Behavior: Widespread across Indo-Pacific region, highly variable in color. Should be placed on a hard surface like rockwork.
Tank Requirements: Requires very low nitrates, pristine water quality.
Tank Temperature: 75-82°F
pH: pH 8.0-8.4
Compatibility: Reef and Invert Safe.
Feeding: Photosynthetic, filter-feeder
Natural Habitat: Indo-Pacific Tank Temperature: 75-82°F pH: pH 8.0-8.4 Specific Gravity: 1.022-1.026 Tank Requirements: Requires very low nitrates, pristine water quality. Feeding: Photosynthetic, filter-feeder; regular feedings of phytoplankton and zooplankton and high direct lighting. Behavior: Widespread across Indo-Pacific region, highly variable in color. Should be placed on a hard surface like rockwork. Compatibility: Reef and Invert Safe. Should not be kept with fish or invertebrates that will pick at their sensitive mantle.
Clams are wonderful additions to any reef aquaria, but they do have some requirements that make them more difficult than other inverts to keep. Some research is recommended before purchasing clams to find out what species will work the best in your reef aquarium.
Squamosa Clams (Tridacna squamosa) are sometimes known as "Fluted Clams" or "Scaly Clams" due to their very large, well-spaced "scutes" extended outward from the sides of the shell. They usually have a mottled brown, cream and gold colored mantle that can expand dramatically. Rare green or blue specimens can also occasionally be found. Mantle patterns can be striped, spotted, blotched and variations thereof.
The shell of Squamosa Clams is usually whitish but may have some yellow around the rim or scutes. Most Squamosa's are fairly fan-shaped and the tip of the hinge is usually in the center of the length of the shell. The hinge length can be 1/2 as long as the entire shell. These clams usually have about five or six prominent folds.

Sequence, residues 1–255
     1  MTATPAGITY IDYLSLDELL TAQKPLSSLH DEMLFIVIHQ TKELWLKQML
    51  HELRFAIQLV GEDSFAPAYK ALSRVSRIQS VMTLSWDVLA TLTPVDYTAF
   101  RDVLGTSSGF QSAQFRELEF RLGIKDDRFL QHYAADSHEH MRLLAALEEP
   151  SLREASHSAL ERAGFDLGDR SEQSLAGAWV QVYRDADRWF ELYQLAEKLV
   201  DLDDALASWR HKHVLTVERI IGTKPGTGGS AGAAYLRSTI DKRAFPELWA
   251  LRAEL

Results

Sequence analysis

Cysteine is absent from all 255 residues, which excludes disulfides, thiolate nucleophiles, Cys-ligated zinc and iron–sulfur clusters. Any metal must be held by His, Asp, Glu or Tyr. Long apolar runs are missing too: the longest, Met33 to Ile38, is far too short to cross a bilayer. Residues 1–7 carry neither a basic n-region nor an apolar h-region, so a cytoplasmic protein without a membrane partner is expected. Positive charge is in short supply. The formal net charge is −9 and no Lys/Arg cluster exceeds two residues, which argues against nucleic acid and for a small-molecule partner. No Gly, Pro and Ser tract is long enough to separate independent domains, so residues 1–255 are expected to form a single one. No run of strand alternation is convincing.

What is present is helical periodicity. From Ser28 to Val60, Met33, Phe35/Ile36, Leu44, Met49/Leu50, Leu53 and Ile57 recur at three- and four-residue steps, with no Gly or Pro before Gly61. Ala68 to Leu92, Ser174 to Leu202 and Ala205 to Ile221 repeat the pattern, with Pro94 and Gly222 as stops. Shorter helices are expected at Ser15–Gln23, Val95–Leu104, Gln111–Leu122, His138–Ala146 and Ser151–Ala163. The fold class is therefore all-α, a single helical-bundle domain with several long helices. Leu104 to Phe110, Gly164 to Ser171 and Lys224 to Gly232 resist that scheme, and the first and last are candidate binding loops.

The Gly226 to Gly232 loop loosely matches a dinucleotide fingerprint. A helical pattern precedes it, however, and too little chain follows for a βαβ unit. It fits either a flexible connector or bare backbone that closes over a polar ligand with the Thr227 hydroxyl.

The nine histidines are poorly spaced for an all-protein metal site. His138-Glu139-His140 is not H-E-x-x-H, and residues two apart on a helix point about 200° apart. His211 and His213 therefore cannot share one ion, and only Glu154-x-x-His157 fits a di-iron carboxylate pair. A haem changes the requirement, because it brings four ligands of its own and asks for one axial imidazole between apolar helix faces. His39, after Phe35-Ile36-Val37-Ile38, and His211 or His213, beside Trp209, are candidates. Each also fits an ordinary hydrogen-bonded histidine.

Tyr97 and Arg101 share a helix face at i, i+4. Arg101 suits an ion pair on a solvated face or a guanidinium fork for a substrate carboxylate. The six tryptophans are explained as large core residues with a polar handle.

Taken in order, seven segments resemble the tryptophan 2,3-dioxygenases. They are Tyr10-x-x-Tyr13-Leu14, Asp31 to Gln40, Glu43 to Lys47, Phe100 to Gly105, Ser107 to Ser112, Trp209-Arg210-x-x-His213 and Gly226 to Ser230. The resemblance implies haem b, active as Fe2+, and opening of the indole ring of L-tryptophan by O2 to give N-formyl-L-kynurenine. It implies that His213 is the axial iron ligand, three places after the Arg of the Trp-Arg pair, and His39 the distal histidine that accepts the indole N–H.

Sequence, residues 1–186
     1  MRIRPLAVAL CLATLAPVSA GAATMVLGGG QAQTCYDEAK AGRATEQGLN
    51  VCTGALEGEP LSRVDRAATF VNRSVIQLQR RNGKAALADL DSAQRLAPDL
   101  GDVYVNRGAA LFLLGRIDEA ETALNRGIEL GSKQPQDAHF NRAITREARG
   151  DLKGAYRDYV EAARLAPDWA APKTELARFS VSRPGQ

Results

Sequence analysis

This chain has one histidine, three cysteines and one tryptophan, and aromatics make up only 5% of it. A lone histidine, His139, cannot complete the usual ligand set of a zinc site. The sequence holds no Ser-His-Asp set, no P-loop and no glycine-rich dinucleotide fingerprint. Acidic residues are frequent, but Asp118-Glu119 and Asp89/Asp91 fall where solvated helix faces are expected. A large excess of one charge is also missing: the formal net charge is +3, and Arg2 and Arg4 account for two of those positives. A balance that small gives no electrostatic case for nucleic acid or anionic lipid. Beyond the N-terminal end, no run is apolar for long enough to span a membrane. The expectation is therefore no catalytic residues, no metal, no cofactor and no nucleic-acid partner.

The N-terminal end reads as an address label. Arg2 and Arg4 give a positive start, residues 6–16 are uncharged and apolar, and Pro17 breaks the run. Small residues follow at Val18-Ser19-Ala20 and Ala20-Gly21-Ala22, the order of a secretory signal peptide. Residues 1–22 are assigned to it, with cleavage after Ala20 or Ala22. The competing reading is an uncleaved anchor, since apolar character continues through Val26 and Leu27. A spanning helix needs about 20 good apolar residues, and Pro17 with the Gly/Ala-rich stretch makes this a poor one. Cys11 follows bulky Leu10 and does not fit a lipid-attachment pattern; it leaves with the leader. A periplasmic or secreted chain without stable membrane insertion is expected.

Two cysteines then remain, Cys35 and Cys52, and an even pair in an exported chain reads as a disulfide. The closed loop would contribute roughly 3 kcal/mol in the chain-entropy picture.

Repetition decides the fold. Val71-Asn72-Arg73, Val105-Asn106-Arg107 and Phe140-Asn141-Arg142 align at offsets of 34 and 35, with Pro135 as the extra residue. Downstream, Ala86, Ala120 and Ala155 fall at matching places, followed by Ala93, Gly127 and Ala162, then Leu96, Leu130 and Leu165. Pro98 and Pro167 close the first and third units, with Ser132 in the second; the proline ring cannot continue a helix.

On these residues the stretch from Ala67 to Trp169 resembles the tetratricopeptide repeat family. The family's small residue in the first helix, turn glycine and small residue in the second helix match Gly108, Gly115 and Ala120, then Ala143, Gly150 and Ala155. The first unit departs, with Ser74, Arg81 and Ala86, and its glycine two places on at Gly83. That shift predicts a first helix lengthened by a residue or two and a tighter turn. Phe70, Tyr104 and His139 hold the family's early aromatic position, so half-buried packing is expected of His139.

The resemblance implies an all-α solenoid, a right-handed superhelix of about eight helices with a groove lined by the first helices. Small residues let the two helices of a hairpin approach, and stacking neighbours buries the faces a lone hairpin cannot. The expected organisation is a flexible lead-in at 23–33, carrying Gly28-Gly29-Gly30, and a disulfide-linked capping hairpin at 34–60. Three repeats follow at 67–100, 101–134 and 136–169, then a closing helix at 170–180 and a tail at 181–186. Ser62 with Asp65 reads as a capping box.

The "byssal opening" where the foot and byssal threads are extended from on the bottom of the clam can vary in size and tends to decrease as the clam grows. Most Squamosa Clams are found on rocky crevices or rubble surfaces where they are attached. Some larger individuals have been found unattached on sandy bottoms in the wild but this is likely a result of the clam unattaching and "falling off" the reef face rather than the clam opting for this location.
Squamosa Clams are fairly hardy, especially larger individuals. They require strong lighting and ideal water quality. In the aquarium, place high in the tank under direct light (Metal Halide, VHO, or Power Compact). Smaller clams with smaller mantles rely heavily on planktonic foods filtered from the water for their nutrition. They should be fed regularly with various types of planktonic foods like phytoplankton, zooplankton, oyster eggs, rotifers and similar items. Avoid keeping with potential predators or tankmates that may nip at the clam's mantle like some wrasses, angelfish, crabs, and others.
We always suggest that you do further research before adding a new pet to your tank. What we have provided for you are guidelines and suggestions. If you have any further questions or concerns, please contact our fish room at 717-299-5691 ext. 1213 or firstname.lastname@example.org.